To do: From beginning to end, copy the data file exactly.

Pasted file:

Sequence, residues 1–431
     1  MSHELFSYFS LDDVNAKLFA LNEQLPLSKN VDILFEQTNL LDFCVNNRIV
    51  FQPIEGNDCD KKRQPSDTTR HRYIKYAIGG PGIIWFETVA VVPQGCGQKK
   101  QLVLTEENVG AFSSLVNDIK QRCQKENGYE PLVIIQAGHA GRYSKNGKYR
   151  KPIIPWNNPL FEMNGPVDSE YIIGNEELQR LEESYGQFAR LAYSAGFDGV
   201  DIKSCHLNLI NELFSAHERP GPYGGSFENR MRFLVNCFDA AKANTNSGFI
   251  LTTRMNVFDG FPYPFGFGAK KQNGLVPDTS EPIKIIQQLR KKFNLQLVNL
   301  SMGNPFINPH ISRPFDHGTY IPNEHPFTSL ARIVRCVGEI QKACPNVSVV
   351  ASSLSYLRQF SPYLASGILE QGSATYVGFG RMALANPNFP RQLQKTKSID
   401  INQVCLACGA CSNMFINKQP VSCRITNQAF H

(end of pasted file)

Sequence, residues 1–431
     1  MSHELFSYFS LDDVNAKLFA LNEQLPLSKN VDILFEQTNL LDFCVNNRIV
    51  FQPIEGNDCD KKRQPSDTTR HRYIKYAIGG PGIIWFETVA VVPQGCGQKK
   101  QLVLTEENVG AFSSLVNDIK QRCQKENGYE PLVIIQAGHA GRYSKNGKYR
   151  KPIIPWNNPL FEMNGPVDSE YIIGNEELQR LEESYGQFAR LAYSAGFDGV
   201  DIKSCHLNLI NELFSAHERP GPYGGSFENR MRFLVNCFDA AKANTNSGFI
   251  LTTRMNVFDG FPYPFGFGAK KQNGLVPDTS EPIKIIQQLR KKFNLQLVNL
   301  SMGNPFINPH ISRPFDHGTY IPNEHPFTSL ARIVRCVGEI QKACPNVSVV
   351  ASSLSYLRQF SPYLASGILE QGSATYVGFG RMALANPNFP RQLQKTKSID
   401  INQVCLACGA CSNMFINKQP VSCRITNQAF H